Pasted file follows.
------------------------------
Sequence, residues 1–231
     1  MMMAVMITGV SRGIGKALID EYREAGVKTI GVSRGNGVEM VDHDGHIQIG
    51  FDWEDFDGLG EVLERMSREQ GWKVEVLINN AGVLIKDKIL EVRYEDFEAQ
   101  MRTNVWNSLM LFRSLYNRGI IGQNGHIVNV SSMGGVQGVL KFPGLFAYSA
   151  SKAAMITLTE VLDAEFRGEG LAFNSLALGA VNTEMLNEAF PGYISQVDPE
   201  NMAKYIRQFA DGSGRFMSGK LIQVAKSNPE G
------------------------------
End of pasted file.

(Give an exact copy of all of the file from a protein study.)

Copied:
Sequence, residues 1–231
     1  MMMAVMITGV SRGIGKALID EYREAGVKTI GVSRGNGVEM VDHDGHIQIG
    51  FDWEDFDGLG EVLERMSREQ GWKVEVLINN AGVLIKDKIL EVRYEDFEAQ
   101  MRTNVWNSLM LFRSLYNRGI IGQNGHIVNV SSMGGVQGVL KFPGLFAYSA
   151  SKAAMITLTE VLDAEFRGEG LAFNSLALGA VNTEMLNEAF PGYISQVDPE
   201  NMAKYIRQFA DGSGRFMSGK LIQVAKSNPE G